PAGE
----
Moral Philosophy of Ioannes Duns Scotus

Moral Philosophy of Ioannes Duns Scotus

June 27, 2021 Off By Felso

Duns Scotus’ morality is shaped around his idea of ​​the will. Duns Scotus does not accept the relatively balanced relationship that Thomas Aquinas has established between reason and will. Thomas Aquinas thought that reason gives the will an impetus at first to achieve the goal of the will, but then leaves it free in its actions. By contrast, Duns Scotus, under the influence of Bonaventura, argues that the will is formally separate from reason and is also nobler (a higher faculty) than reason. According to him, will is a free power (potentia libera). In this nature, too, it is superior to the mind, which has a natural inclination; because it is inherently free (Aspell, 1999: 285).

The mind ascends directly and unquestioningly to the truth and is therefore irrational. The will, on the other hand, is rational in so far as it freely chooses its object known to the mind. Duns Scotus calls the action of the will rational; According to him, rationality is to act together with the mind. For this very reason, according to him, the will is radically rational in nature (Aspell, 1999: 286). Because of this rationality, the will somehow needs reason for its actions; however, it includes a more grounded activity than the mind (Dumont, 2006: 367).

Scotus bases his morality on the will and the good. Will has a structure that is contrary to the general operation of nature. In other words, there is a difference between the behavior of the will and that of nature. The will, then, determines and desires its purpose freely and through itself. At the same time, the will, while trying to reach its freely determined goal, also acts freely on the things that will carry it to this goal. This purpose is what is good in itself in every way. The good, according to Duns Scotus, appears as a property of all beings. Therefore, morality is established on the basis of reason and freedom in Duns Scotus’ thought. This reason and freedom are necessary for the emergence of responsibility, autonomy and power of management that make human actions moral (Aspell, 1999: 287).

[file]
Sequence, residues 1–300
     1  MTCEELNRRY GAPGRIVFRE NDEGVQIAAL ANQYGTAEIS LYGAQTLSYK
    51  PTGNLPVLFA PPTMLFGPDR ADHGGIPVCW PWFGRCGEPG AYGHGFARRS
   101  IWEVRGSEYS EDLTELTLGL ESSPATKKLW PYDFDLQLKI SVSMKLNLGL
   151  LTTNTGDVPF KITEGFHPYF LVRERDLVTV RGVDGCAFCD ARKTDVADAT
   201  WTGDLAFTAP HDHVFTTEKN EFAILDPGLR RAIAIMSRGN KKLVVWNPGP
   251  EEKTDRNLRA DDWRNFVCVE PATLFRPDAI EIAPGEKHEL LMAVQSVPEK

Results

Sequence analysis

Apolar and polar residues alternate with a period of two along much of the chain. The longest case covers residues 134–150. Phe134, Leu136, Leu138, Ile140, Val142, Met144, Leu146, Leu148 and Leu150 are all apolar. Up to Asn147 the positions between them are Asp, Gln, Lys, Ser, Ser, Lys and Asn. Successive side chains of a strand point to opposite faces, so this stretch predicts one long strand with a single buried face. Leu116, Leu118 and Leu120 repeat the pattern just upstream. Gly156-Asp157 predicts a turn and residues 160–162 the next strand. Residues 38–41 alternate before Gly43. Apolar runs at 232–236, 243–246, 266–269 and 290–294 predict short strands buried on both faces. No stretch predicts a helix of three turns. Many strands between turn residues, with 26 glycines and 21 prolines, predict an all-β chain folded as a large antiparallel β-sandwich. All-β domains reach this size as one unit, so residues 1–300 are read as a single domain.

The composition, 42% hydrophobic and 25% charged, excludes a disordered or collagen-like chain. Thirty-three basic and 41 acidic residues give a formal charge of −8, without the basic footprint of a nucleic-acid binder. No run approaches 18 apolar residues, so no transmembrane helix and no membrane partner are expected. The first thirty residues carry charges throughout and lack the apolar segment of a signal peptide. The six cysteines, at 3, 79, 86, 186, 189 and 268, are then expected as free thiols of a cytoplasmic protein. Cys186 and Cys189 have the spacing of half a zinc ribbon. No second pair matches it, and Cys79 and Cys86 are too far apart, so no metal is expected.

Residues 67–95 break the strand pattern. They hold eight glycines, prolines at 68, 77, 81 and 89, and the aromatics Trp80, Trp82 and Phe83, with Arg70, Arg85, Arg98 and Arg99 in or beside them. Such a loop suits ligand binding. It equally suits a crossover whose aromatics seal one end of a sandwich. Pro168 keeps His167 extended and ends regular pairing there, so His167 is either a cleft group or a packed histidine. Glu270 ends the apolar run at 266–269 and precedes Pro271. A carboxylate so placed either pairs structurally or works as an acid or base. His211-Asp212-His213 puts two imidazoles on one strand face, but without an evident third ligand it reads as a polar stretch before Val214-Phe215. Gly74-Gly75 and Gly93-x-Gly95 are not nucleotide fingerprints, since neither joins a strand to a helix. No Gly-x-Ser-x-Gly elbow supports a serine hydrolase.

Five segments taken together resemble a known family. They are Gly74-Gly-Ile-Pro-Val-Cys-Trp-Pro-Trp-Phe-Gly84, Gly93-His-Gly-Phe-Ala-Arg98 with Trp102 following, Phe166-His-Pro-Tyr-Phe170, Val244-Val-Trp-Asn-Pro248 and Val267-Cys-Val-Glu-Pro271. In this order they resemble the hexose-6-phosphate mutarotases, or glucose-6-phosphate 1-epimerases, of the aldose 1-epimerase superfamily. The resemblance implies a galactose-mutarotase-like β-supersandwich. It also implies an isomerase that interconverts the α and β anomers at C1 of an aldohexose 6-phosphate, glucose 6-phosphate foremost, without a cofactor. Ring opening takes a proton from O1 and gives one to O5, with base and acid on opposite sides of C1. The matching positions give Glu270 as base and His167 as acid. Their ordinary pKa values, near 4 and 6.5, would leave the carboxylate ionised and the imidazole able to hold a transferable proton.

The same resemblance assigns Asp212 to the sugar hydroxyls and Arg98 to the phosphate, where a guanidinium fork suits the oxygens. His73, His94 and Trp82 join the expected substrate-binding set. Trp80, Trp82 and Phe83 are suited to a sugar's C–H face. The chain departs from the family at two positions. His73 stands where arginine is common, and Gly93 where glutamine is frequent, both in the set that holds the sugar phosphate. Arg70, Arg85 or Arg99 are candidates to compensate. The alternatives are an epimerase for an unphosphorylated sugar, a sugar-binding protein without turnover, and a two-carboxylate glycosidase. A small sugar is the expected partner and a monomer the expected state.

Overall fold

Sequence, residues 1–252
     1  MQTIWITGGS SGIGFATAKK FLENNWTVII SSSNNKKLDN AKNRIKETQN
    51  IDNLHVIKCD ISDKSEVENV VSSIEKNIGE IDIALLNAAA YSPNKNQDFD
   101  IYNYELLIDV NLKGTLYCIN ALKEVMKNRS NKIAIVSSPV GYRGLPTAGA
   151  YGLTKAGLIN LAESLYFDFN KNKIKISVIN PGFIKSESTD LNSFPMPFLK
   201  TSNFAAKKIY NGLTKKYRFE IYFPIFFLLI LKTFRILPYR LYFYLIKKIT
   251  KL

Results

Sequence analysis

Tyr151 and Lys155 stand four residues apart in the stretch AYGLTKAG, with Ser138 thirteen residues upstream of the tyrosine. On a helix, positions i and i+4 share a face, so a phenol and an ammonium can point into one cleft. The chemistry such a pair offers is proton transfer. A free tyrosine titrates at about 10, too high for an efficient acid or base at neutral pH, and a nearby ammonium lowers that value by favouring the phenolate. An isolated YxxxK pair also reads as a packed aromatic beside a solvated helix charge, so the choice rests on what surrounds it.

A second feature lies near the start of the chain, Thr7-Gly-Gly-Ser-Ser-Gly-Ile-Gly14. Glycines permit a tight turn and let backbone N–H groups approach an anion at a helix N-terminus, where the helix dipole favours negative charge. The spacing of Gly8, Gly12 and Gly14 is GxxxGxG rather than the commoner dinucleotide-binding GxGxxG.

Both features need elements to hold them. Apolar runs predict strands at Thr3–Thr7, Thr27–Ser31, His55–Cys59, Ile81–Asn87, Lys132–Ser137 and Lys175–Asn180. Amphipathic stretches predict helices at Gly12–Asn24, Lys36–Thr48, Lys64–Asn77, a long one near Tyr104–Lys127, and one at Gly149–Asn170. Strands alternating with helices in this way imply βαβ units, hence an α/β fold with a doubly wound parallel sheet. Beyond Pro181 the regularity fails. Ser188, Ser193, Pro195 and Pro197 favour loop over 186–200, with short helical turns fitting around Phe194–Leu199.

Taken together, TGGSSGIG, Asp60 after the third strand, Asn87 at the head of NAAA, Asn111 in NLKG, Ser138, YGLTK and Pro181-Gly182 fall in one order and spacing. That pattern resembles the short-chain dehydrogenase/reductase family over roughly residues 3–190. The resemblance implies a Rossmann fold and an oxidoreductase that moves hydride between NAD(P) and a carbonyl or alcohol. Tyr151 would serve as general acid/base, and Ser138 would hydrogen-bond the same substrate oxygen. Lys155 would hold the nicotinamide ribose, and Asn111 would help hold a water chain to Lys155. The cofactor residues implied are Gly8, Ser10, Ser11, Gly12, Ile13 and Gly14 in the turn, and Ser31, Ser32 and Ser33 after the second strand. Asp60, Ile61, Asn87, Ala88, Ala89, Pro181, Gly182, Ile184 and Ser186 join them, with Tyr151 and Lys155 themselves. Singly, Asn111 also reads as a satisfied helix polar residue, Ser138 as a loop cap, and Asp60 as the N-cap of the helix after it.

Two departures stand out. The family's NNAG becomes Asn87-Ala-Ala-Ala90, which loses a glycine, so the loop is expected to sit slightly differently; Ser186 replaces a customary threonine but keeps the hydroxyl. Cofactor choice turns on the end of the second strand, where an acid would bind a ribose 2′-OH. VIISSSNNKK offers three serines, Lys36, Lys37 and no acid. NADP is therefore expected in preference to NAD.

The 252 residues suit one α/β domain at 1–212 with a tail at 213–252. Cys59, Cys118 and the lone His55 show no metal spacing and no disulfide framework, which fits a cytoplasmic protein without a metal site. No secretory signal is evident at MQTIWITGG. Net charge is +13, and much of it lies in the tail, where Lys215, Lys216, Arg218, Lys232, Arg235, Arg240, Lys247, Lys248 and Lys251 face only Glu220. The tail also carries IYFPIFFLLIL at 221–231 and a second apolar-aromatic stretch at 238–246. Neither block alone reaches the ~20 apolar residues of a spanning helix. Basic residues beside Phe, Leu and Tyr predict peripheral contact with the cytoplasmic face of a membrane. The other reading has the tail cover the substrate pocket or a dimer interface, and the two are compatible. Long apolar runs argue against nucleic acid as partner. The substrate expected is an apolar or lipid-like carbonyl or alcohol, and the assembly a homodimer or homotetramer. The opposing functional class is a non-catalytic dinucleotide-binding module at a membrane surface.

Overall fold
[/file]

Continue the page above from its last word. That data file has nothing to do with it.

According to Duns Scotus, it is possible to talk about two kinds of goodness. The primary of these is not according to the natural order of things; but it is a kind of goodness that belongs to the willful action itself, which is shaped according to the commands of the right mind, directed towards the determined object. For example, theft or murder are actions that would go against this right mind. Therefore, the commandments/prohibitions expressed in the Bible are also within the scope of these righteous commandments. Therefore, these are the commandments that men must obey in the first place. Human actions in the form of obedience to these commands ensure the actuality of moral goodness at the target of the behavior performed by free will. Secondary goodness is the goodness at the target that emerges as a result of taking into account the environmental conditions such as place and time during the shaping of the behavior. This kind of kindness, therefore, puts purpose first. The love of God, to love God, constitutes the highest act of man as the ultimate goal. When God is chosen as a goal, nothing will happen that can go against right reason. Therefore, the ultimate goal that the will will direct man to himself with all his features is God (Aspell, 1999: 287-288).

Duns Scotus thinks that the place where righteous reason arises is the natural law embodied in God’s will. According to him, “Divine will is the cause of good; This is the case because God wants something to be good.” (Act. Aspell, 1999: 289; Duns Scotus, Rep. Par. I, d. 8, q. 1). This, of course, should not be taken as God’s willing that something that is not good right now is good. Because there can never be such a contradiction in Him. That God’s will is aimed at good is entirely due to His pure good nature. This nature gives man the idea to turn and obey all the goodness in Him. The limited will, that is, the will of man, commands the realization of good and avoidance of evil; because limited human being is already surrounded by the commands of his unlimited creator in the existential sense.

In addition to the natural law shaped by the divine will, it is necessary to talk about a positive law. This type of law is formed as a result of God’s affirmation of natural law. The Ten Commandments, two of which we have mentioned above, are the best example of positive law. They obey natural law and are even mandatory. Due to its universal character, the natural law may not always express complete certainty. Changing times and places in human life can create blurs under different conditions. Therefore, positive law should be understood as the law dictated by God to overcome the cognitive and ontological limitations of natural law. These laws are